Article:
Coping with cultural shock

Our four hour flight from Singapore,  into Mumbai arrived at 11:45pm.  Short queues at immigration and no need to go through custom security checks, meant that these processes were quick and we were on our way soon after midnight.

  • Found prepaid taxi office. Purchased prepaid taxi voucher (very cheap for a 20-30 min taxi ride to hotel at Juhu).
  • Feeling pleased with the event so far, my student, husband and I stepped out into the warm night air, to be absolutely confronted with people, vehicles, noise etc.
  • Swamped with help, we were led to the third taxi along which was ours
  • Near horror set in on discovering it was an old 1950 square box Fiat, just like all the other taxis lined up.
  • The boot could only fit one case, but five men helped to throw the remaining cases up on the roof rack.
  • A well spoken Indian citizen was explaining to the taxi driver where to go
  • Bruce and Hannah now seated in the taxi were being haggled by persistent, insistent Indians who were now wanting tips for help us. (Money exchange in Melbourne only had large notes when converting the currencies, so we had no smaller amounts for tips.)
  • Finally set off, with angry men left behind (tipless)

The streets were still so busy – tuk tuks, taxis everywhere, many, many people still lining the streets. It was noisy, car horns constantly tooting. More horror was experienced, as the magnitude and style of the slums were constantly seen as we drove past. Our taxi nearly did not make it up the short slope over  a bridge. Tooting tuk tuks easily overtook us as our old car just made it. Several stops were made along the way, as the driver was uncertainas to the locality of the hotel. He would leave us in the taxi unattended to find either well dressed citizens or other local drivers to seek advice and show the address to.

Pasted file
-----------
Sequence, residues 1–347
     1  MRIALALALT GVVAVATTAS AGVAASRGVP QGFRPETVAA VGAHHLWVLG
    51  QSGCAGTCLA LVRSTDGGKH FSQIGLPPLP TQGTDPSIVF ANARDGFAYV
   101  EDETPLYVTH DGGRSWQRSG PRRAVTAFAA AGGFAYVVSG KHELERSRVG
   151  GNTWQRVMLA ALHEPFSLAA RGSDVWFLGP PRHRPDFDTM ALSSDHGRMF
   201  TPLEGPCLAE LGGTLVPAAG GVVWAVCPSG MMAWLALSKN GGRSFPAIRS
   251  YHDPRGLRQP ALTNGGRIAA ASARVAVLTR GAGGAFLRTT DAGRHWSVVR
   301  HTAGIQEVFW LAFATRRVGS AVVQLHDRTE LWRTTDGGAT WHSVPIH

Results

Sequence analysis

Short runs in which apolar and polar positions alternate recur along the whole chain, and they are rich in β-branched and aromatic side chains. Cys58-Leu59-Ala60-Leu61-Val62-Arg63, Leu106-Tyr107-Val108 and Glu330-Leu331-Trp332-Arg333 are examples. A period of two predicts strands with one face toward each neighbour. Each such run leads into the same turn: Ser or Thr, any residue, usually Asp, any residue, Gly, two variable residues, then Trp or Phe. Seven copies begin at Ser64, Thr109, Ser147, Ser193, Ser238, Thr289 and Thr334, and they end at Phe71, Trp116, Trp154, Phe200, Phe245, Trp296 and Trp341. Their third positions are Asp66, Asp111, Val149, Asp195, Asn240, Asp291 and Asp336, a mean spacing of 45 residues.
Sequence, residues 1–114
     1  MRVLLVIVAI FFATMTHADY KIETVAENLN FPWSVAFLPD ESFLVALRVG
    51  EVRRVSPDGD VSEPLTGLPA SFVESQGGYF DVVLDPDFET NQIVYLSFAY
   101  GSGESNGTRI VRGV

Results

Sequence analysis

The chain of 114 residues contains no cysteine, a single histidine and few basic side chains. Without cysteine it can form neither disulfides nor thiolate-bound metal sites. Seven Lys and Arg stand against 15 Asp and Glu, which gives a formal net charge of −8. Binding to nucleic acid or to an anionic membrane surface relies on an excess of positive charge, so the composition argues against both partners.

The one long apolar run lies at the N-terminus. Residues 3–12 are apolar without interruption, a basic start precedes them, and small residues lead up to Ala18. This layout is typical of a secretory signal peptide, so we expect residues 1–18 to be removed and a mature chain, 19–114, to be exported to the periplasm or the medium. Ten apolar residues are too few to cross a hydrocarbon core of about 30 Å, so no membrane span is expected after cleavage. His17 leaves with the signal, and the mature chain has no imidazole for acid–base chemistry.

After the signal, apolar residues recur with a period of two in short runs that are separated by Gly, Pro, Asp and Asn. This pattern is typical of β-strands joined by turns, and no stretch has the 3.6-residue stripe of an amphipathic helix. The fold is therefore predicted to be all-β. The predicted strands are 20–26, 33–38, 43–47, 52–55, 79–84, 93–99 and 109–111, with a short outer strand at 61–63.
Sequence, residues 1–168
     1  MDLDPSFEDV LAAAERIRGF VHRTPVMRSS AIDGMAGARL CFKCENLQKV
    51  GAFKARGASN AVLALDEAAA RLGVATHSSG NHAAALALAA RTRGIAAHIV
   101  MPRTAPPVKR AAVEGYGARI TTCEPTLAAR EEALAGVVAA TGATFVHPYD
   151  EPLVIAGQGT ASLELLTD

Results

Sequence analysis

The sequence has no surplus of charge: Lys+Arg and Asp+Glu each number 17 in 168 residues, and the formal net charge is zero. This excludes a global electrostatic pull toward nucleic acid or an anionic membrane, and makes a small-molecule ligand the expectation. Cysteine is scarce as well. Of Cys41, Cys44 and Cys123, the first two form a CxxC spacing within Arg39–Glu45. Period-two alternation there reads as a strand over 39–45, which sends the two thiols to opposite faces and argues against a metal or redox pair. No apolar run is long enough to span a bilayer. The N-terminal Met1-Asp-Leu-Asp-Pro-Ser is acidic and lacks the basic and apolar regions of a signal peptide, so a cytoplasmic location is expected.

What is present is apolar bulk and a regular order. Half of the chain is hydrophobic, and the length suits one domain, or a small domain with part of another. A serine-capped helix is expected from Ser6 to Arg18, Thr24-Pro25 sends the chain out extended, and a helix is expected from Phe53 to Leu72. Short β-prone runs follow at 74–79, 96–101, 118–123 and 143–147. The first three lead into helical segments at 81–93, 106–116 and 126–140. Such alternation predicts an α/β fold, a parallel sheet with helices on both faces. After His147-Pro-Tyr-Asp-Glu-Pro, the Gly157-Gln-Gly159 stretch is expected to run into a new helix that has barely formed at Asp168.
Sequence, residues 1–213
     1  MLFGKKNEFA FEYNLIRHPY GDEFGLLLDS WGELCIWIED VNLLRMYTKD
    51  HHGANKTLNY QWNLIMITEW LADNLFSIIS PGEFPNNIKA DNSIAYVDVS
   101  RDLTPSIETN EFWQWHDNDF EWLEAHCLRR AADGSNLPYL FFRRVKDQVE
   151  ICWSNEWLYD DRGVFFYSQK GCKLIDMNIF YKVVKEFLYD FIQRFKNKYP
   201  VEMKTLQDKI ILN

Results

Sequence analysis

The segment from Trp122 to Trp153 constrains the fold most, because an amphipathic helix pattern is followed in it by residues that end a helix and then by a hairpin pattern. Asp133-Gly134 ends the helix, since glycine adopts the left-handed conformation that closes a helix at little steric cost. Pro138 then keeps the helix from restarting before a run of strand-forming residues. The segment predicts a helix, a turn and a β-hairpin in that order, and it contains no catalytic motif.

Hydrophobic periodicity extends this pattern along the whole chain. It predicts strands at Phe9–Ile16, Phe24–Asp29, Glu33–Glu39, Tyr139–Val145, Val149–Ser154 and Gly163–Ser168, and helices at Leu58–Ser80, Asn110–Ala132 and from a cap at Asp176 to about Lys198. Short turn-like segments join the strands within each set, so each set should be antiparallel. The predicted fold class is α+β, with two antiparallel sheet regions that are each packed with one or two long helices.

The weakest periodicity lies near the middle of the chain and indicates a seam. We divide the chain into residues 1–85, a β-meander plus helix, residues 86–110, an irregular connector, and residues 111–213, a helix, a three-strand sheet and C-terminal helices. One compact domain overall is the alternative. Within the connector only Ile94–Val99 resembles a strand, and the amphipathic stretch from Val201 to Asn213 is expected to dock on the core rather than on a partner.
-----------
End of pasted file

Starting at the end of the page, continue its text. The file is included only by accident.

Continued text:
Finally after what seemed like hours, we arrived at our hotel to warm friendly safe looking faces who quickly unloaded our cases from the roof top (lucky none had fallen off) and escorted us into the pleasant, safe interior of our hotel lobby.

Although, I had prepped Hannah, my student, about the depth of poverty that might be seen, talked about the different cultures and completed research before leaving Australia, despite easing into different cultures by a stopover in Singapore,  cultural shock had set in and should the offer to hop on a plane and return to Australia immediately have been given to us, we may all have taken up that offer.

As daylight dawned, and a pleasant breakfast experienced in the back courtyard area, we all felt a little better.  A modern, air conditioned car complete with an educated hotel driver was given to us, to take us to the five star Trident, where my husband and I would stay and Hannah was kindly billeted out with a teaching family from the American School of Mumbai.

Why did we not stay there the first night – this hotel was much cheaper and due to the late hour of our flight, we did not want to worry anyone. However, it was an experience and another tale to add to the travel stories. It also taught me that no matter how much you think you are conditioned or prepared, reality is the only true experience!

Hotel taxi

Area around the hotel

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